Isaac At’s 24-year-old head chef, Isaac Bartlett-Copeland, shares how to open a restaurant on a shoestring.
At just 24 years old, Isaac Bartlett-Copeland, of award-winning restaurant Isaac At, has made a heck of a name for himself. In the past year alone, he’s won Brighton Food Hero 2017, been shortlisted for The Caterer’s Young Entrepreneur Award, and his double AA rosette restaurant was awarded 16th best outside of London by food app SquareMeal. While matching the success of his peers at such a young age is certainly something to shout home about, there’s yet another part of Isaac’s story which is demonstrative of his ability to think outside the box: he managed to put it all together for under £25,000.
He said: “Three years ago, I saw an opportunity to develop a unique business proposition in Brighton, creating a dining experience using only ingredients from the Sussex coastline. After catering college, I started working at The Grand Hotel, saving every penny I could to allow me to be able to think big and start my own restaurant. A lot of restaurants around weren’t doing anything that different to the next, so at 21 I bootstrapped a pop up with my personal savings of just £25,000.
“I was around 10 when I first decided I wanted to open my own restaurant. My uncle was a pastry chef, and I used to cook with him, which I remember was something I always valued. I’ve never wanted to do anything else.”
Working with such a tiny budget forced Isaac to take on a unique approach when building his restaurant, from doing all the renovation work himself to making his own tables from scaffolding planks. Starting first as a weekend pop-up then allowed him to focus on developing the concept, calculating how many covers were needed and then builtding the kitchen with whatever space was left (three square metres).
He added: “I was very lucky in finding such a lenient landlord. The site was perfect, it was previously office space so we had to completely renovate it – but even that worked out cheaper as if you buy a restaurant you pay a premium for all the work that’s already been done to make it that way.”
Opening in March 2015, Isaac At in Gloucester Street was the first restaurant of its kind, offering a tasting menu accompanied by an exclusively English wine list. They were the most expensive dining option in the city when they launched, which meant marketing their concept was even more of a challenge, however curiosity won among diners who wanted to see something different in the city.
Along with his loyal sous chef George Thomas and restaurant manager and sommelier Alex Preston, both 22, Isaac has since managed to build Isaac At to a full-time restaurant, which operates five days a week. He stresses the importance of finding such dedicated staff – and keeping them. “Having the right people around means I’m able to get more done; our dynamic works so well as we have someone covering each base, rather than me trying to manage everything. We’re definitely a team. I’m not really the ‘boss’ anymore, we’re more of a family.”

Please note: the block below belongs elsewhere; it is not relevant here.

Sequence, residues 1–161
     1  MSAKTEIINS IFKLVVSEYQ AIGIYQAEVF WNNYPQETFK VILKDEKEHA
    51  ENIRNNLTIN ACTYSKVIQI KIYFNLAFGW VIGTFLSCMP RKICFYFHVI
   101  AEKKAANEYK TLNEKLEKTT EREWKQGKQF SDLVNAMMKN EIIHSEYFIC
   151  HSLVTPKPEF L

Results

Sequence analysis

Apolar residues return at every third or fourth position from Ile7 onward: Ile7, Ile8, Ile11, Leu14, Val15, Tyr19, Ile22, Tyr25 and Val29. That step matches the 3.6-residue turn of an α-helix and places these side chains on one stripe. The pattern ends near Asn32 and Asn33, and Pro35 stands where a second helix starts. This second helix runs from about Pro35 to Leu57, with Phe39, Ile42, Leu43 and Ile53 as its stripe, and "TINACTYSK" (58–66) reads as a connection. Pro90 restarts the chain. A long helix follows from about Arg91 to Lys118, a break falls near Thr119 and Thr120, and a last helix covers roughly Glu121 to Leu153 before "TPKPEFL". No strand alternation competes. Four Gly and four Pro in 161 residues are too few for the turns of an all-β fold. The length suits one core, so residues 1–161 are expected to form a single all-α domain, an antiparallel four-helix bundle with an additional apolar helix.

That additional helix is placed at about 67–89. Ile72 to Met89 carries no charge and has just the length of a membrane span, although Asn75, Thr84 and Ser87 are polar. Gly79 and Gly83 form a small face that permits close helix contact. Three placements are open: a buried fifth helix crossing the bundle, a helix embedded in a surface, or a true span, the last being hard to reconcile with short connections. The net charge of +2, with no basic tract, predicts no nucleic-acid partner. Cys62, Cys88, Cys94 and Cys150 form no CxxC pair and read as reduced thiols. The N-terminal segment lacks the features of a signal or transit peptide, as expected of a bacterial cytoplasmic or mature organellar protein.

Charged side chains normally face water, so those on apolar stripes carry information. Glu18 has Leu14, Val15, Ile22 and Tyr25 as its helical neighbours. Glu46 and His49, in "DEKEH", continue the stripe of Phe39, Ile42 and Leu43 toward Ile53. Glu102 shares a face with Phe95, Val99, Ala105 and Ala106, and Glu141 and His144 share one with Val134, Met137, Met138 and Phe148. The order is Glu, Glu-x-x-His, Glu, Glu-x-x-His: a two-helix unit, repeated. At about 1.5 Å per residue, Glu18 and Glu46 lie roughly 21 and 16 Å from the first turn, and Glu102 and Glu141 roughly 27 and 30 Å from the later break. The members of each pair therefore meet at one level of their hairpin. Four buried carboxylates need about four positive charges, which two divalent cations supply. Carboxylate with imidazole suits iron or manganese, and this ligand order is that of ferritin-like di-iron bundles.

The trust he has built with his colleagues means Isaac is able to take time away from the restaurant to further develop the brand and share his passion. He currently mentors up-and-coming chefs at Brighton Met, and has time to get involved in local chef events – such as Brighton’s annual FoodLab, alongside the likes of 64 Degrees’ Michael Bremner and etch.’s Steven Edwards.
And as for the future? He said: “My ambition has switched from being the best chef, to running the best restaurant, constantly developing my skills on the management side, learning quickly and on the job.
“My focus has always been just as much on the business side as making the food perfect, which is what drives the business on and allows me to successfully lead and manage a strong team. We’ve grown from nothing to one of the best restaurants in the city, so our next goal is to reach a national audience and become one of the best restaurants in the UK.”
We’re excited to follow every step of the way.
To new restaurateurs: believe in yourself
“People will tell you that you won’t be able to do it, or that it’s impossible, but if you keep your mind on what you want, there’s always a way. Get as much experience as you can, don’t think about money if you can. Sometimes it’s worth making a sacrifice to make sure you’re working with the best people you can. Unfortunately these roles are so sought after, they often don’t pay as much – but you’ll find your career will progress so much quicker as you’re learning so many different techniques, so you’re much better off long-term. It’s hard to consider information as value when you first start, and you want to earn money, but once you know something you never forget it – you’re investing in your future.”